Aciman’s novel showcases the significance of language in fraught relational contexts. Especially in the initial stages of his relationship with Oliver, Elio desperately scrutinizes the language he and his lover use, often obsessing over how Oliver has worded a phrase or how he has handled himself in a conversation. He pays such close attention to these nuances because they provide him with the only chance he has to express his feelings. Unfortunately, though, he feels ill-equipped to properly navigate the slippery linguistic landscape of his relationship with Oliver, which is always shifting. He’s too young to adequately process the complex ins and outs of an adult relationship, and he hasn’t yet learned how to use language to reflect the many “contradictory signals” Oliver sends him. By underlining Elio’s struggle to find a language that reflects his feelings and desires, then, Aciman presents communication as an important but volatile part of understanding a romantic relationship.
From the very beginning, Elio doesn’t know what to make of the way Oliver communicates. He’s dumbfounded by his casual use of language, especially when he says, “Later!” “I’d never heard anyone use ‘later’ to say goodbye before,” Elio notes. “It sounded harsh, curt, and dismissive, spoken with the veiled indifference of people who may not care to see or hear from you again.” When Elio posits that Oliver’s “Later!” sounds like it’s spoken with “veiled indifference,” readers see that he’s already reading deeply into the relational implications of Oliver’s words. Although they haven’t yet established a romantic relationship, Elio resents Oliver’s “dismissive” tone because it makes him feel insignificant, as if Oliver doesn’t care about him. In turn, it becomes obvious that Elio is someone who spends a great deal of time thinking about words and the effect they have on people.
Although Elio is attuned to the nuances of language, he hasn’t yet had enough experience to confidently communicate in fraught relational contexts. His bond with Oliver is complicated, and many of their thoughts and feelings remain unspoken. As such, they use other modes of communication, like the way they touch or avoid touching. One day, for instance, Oliver squeezes Elio’s shoulder, massaging it in a friendly way. Elio flinches and leans away because he fears that if he lets Oliver keep touching him, he’ll surrender to the embrace and thus reveal his feelings. And although Oliver doesn’t make a big deal of the situation, Elio suspects he has picked up on the subtext of this reaction. “I have no doubt that he must have already suspected something,” Elio notes. This is an important moment, as it is the first time Elio senses Oliver’s ability to pick up on something but act as if he hasn’t noticed anything out of the ordinary. This, it seems, is the mark of a mature communicator, someone who can act one way while feeling another way. This is the kind of complexity Elio yearns to possess in his conversations with Oliver, as he often wants to hide his feelings while simultaneously revealing them in subtle ways.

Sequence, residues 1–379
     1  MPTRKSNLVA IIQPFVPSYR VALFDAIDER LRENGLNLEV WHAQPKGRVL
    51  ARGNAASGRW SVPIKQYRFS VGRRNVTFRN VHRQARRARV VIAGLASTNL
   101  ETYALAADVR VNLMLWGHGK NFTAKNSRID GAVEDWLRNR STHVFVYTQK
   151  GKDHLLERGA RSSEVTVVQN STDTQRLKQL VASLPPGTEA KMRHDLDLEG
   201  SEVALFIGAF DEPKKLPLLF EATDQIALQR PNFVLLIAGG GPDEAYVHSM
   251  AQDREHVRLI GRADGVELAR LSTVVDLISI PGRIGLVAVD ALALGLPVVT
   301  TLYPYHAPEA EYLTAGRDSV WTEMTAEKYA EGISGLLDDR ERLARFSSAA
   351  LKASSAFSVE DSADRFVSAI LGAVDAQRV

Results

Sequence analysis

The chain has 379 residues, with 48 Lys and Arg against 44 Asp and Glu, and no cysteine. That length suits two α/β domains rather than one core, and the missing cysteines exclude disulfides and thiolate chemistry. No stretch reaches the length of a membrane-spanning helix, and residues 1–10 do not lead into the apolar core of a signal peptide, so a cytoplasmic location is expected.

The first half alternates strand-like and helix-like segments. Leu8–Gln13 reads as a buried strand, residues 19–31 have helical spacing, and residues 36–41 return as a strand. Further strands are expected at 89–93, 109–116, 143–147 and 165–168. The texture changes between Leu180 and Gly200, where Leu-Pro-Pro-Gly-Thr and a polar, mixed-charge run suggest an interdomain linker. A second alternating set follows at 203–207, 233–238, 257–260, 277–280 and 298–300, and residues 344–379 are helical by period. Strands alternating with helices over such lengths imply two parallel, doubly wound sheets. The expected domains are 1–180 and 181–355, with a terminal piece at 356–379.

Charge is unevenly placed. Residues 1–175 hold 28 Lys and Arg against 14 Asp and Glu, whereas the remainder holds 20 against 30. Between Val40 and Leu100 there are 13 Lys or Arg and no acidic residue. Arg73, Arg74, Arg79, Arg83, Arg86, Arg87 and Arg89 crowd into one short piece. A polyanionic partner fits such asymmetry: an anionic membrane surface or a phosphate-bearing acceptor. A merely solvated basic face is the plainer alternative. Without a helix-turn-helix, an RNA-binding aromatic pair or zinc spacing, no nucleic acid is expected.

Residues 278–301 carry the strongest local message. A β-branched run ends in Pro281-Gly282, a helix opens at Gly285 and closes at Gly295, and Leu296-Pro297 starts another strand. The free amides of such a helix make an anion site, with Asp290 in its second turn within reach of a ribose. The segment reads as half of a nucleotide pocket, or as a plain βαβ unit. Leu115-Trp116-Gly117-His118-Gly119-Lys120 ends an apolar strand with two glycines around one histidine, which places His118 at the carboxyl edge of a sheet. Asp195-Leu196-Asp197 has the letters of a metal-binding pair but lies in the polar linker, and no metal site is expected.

Elio isn’t yet able to embody the kind of communicative complexities Oliver is capable of affecting, but he does recognize this shortcoming. “[…B]ecause I didn’t know how to speak in code, I didn’t know how to speak at all. I felt like a deaf and dumb person who can’t even use sign language. I stammered all manner of things so as not to speak my mind. That was the extent of my code,” he writes. Interestingly enough, he uses language to avoid saying what he actually wants to say. In this way, he becomes evasive, protecting his inner thoughts even as he longs to make them known. Finally, though, this charade becomes too difficult to sustain, and he makes it obvious to Oliver that he has feelings for him. When he does this, Oliver asks, “Do you know what you’re saying?” This is an interesting response, as it indicates that Oliver wants to give Elio an excuse; he clearly knows Elio has feelings for him, but he’s afraid to hear him admit it, so he offers him an out by giving him the opportunity to play dumb. “Yes, I know what I’m saying and you’re not mistaking any of it,” Elio replies. “I’m just not very good at speaking.” In this moment, Elio stops worrying about speaking in “code” and finally states what’s on his mind. As a result, he goes from avoiding his feelings to stating them outright, once again failing to operate in the linguistic middle ground in which Oliver is so comfortable. In turn, Oliver doesn’t respond to what Elio has said, instead telling him to wait in the street while he goes to pick up papers from his translator—an indication that Elio has spoken too directly.